As early as a week, Apple received a bunch of complaints from developers, saying that everyone was tired of paying a 30 percent commission for paying within the application. Even Pavel Durov did not stand aside and urged developers to stop publishing applications on the App Store.
How did it all start?
More than a year ago, Spotify filed a complaint with the European Commission and accused the Cupertinians of violating the rules of fair competition: developers are required to pay a commission of 30% for all purchases and subscriptions within the application that are made on Apple devices, which means that the developer either doesn’t receive what is earned, or must artificially inflate the price tag on iOS.
And not to say that Apple is very worried – the conditions are only getting worse. For example, if developers offer to subscribe not through Apple, but on their website, then delete them from the store.
Of course, Apple does not suffer from a 30 percent commission, which is why its own services are significantly cheaper than the services of competitors, and even the advertising of “free months” is constantly popping up, and other developers cannot send such notifications.
Didn’t respond to the complaint for more than a year?
Yes, the European Commission has begun to deal only now. The company is also accused of another antitrust case – Apple Pay and the NFC module in iPhone are controlled only by companies, and banks cannot add payment via NFC to their own applications.
Well, the noise was added by Basecamp with the Hey email service, which is available by subscription for $ 99 per year. But here everything is much more interesting: Apple threatened to remove the client from the App Store, if the developers do not add the ability to subscribe via an iOS device.
Hey Email Service Interface
Pavel Durov spoke about this “threat”:
Apple and Google impose an insane 30% tax on all digital goods sold on every smartphone in the world. The result – users pay at higher prices, startups and entire industries are destroyed or never appear. Regulators have been turning a blind eye to this for 10 years.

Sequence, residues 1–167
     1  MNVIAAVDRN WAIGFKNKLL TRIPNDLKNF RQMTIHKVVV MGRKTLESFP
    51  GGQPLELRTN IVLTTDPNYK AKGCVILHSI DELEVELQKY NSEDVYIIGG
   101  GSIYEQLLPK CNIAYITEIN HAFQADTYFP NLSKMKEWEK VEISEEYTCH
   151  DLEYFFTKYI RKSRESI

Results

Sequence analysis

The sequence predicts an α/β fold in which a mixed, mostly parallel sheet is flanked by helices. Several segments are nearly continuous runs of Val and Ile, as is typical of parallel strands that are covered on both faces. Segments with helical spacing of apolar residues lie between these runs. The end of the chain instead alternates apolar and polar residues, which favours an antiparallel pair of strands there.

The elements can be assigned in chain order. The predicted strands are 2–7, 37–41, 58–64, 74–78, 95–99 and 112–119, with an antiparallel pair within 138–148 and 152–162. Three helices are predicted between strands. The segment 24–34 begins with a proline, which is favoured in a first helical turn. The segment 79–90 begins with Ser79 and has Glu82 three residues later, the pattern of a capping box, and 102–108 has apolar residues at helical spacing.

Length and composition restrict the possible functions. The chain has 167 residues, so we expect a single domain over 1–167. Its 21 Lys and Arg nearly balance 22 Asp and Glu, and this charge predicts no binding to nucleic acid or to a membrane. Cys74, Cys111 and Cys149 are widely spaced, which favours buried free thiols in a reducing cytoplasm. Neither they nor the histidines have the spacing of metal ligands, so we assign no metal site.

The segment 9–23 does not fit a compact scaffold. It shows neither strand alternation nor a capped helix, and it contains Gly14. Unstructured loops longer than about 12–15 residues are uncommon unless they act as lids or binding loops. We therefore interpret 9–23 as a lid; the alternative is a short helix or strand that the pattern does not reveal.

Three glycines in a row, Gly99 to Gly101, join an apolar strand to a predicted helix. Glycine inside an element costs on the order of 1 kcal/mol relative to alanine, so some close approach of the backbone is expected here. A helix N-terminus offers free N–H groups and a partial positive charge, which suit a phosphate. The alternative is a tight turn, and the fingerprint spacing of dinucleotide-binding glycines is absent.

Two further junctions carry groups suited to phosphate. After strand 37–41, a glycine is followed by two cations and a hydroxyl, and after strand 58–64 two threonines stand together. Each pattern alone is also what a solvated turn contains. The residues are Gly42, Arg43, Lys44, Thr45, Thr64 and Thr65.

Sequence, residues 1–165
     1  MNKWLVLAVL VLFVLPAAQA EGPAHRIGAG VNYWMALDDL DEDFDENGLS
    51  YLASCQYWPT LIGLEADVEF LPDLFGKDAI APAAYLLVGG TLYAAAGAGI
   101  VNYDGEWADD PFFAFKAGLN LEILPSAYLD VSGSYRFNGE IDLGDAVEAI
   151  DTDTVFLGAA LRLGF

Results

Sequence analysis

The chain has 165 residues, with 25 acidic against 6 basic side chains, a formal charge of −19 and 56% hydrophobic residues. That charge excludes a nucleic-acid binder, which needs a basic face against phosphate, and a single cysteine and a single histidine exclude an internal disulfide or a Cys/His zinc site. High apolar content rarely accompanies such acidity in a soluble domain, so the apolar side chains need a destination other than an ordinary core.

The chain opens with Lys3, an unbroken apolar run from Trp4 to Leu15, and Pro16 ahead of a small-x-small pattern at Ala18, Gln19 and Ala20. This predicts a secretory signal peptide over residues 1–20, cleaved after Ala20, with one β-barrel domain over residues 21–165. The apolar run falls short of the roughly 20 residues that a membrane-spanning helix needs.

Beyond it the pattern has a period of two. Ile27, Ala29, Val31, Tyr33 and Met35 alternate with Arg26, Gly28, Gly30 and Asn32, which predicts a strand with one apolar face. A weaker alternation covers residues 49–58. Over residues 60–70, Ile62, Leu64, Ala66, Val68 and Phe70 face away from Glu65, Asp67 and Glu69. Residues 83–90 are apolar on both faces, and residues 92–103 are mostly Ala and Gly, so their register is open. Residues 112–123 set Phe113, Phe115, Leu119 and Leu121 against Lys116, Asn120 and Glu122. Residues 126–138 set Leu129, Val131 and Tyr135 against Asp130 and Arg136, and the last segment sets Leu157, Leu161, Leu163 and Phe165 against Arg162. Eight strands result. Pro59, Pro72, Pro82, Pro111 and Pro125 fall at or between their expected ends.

The solution that would put an end to Apple’s abuse of exclusive power is simple: allow apps to be installed directly or through alternative app stores, and not just through the Apple App Store, which is controlled by Apple.
One of the reasons that I have been using Android for the past few years is the ability to install applications from any source myself. The growth of open ecosystems (Android, Windows, macOS) shows that people are smart and prefer freedom of choice.
Head of Telegram
Many developers have expressed support, as well as requesting Apple, that the company review the conditions for publishing applications and subscribing without a 30 percent commission.
Phil Schiller, Apple’s vice president of global communications, TechCrunch said in a letter to TechCrunch that the company would not change the rules due to complaints, and the Hey email application was published by mistake:
You download the application, and it does not work – this is not what we want to see in the store. That is why Apple requires payment within the application to offer the same functionality as anywhere else.
Apple Vice President Global Communications
Why was the Hey app published by mistake? It's simple: to use the application, register in it and sign up, you had to use the official website, that is, the user was redirected somewhere. Apple has exceptions when this can be done – if it is a "reading application." This category includes services for reading electronic books, listening to music and watching video content, so you can pay for a conditional Netflix on the official website and everything will work on your smartphone. The mail application is not suitable for this category, so Apple also asks to add payment.
Phil Schiller suggested adding to the Hey developers a free version of the program or the ability to pay inside the application on iOS devices, otherwise the application will simply be deleted from the App Store. The vice president of global communications also emphasized that all published Basecamp applications did not use internal payments, that is, Apple did not receive any deductions.
We are waiting for the results of the investigation of the European Commission. Your bets? What do you think about developer complaints?
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